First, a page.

- Title: VARIOUS: North Korea agrees to return to six party talks on its nuclear programme
- Date: 1st November 2006
- Summary: (EU) NEW YORK, NEW YORK, UNITED STATES (OCTOBER 31, 2006) (REUTERS) EXTERIOR OF BUILDING WHICH HOUSES THE NORTH KOREAN MISSION TO THE UNITED NATIONS (SOUNDBITE) (English) PAK GIL YON, NORTH KOREAN AMBASSADOR TO THE UNITED NATIONS, SAYING: "My position is that. NCND (Neither Confirm Nor Deny)." AMBASSADOR PAK GIL YON ENTERING THE BUILDING
- Reuters ID: LVA8V91JYQ1WCKHIMH4AC5KUQWOR
- Duration: 00:00:23
- Aspect Ratio:
- Story Text: North Korea agreed on Tuesday (October 31) to return to six-party talks on dismantling its atomic weapons just weeks after staging its first nuclear test, drawing cautious welcome from President George W. Bush and Asian powers.
Envoys from North Korea, the United States and China met in Beijing and agreed to restart the stalled talks in the near future, the Chinese Foreign Ministry said on its Web site, promising an end to a year-long hiatus in the negotiations.
U.S. Assistant Secretary of State Christopher Hill told a news conference that he expected "substantial progress" from the next round of talks, possibly in November or December, after he met his North Korean counterpart, Kim Kye-gwan, in Beijing.
"They made it very clear that there were no conditions," said Hill.
The talks would address North Korea's concerns with the U.S. financial measures, possibly through a working group, he said, adding that Pyongyang needed to abandon "illicit activities" that Washington has said include currency counterfeiting
North Korea had made no explicit promises not to conduct any further nuclear tests, Hill said: "We are a long way from our goals still. I am very pleased, we are very pleased that the DPRK is committing to return to the talks."
"I made it very clear that the U.N. Security Council resolution stands," he added.
U.S. President Bush welcomed North Korea's agreement to return to the nuclear talks, but added he would send teams to Asia to ensure U.N. Security Council sanctions on the budding nuclear power were enforced.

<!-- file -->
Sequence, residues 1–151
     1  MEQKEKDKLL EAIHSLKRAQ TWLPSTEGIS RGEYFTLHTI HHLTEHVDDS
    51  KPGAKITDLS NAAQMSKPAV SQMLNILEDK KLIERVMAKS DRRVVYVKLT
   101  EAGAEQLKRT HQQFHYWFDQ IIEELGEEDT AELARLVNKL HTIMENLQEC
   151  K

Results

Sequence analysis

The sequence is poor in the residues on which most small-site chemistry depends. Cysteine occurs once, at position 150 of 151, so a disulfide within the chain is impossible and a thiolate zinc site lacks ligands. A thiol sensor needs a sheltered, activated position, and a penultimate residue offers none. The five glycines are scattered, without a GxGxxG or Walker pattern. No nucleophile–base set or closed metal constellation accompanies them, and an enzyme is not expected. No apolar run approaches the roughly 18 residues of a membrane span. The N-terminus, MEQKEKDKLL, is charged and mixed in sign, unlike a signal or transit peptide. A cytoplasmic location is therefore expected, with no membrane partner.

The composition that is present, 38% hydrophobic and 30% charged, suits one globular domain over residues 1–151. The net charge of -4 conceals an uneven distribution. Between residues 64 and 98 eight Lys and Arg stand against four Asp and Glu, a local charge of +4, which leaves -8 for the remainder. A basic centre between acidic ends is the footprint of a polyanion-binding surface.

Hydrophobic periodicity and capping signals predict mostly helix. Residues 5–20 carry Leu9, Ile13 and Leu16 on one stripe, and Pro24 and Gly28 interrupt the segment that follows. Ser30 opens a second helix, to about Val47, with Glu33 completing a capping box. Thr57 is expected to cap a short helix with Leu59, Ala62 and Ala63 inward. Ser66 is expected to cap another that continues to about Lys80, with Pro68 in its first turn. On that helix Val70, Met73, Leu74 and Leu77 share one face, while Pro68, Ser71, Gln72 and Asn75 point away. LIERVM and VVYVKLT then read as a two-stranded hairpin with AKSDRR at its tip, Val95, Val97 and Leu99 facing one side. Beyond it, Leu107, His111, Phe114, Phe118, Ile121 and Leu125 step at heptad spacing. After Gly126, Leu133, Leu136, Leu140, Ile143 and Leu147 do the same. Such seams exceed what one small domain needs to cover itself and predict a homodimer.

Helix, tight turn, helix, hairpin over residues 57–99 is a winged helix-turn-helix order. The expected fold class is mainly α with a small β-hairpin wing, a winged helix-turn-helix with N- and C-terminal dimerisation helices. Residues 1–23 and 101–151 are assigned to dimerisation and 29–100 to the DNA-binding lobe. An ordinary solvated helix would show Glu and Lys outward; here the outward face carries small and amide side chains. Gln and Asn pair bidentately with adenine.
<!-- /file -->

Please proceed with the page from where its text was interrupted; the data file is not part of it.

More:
"We'll be sending teams to the region to work with our partners to make sure that the current United Nations Security Council resolution is enforced, but also to make sure that the talks are effective; that we achieve the results we want, which is a North Korea that abandons her nuclear weapons programs and her nuclear weapons in a verifiable fashion in return for a better way forward for her people," Bush told reporters in Washington.
In New York, the North Korean ambassador to the United Nations, Pak Gil Yon spoke very briefly and refused to confirm or deny that the talks were to resume.
The other three countries involved in the talks are South Korea, Japan and Russia. A fifth round of talks in Beijing broke off last November without progress and North Korea later protested over a U.S. crackdown on its international finances.
After North Korea carried out its nuclear test on Oct. 9, the U.N. Security Council voted to impose financial and arms sanctions on Pyongyang.
"The financial sanctions are effective unless the Security Council adopts a separate decision, whether before or after the talks," South Korea's chief nuclear envoy Chun Yung-woo told reporters in Seoul.
The next six-party talks would address North Korea's concerns with the U.S. financial restrictions, possibly through a working group, he said, adding that Pyongyang needs to abandon "illicit activities" that the U.S. has said include drug trafficking as well as currency counterfeiting.
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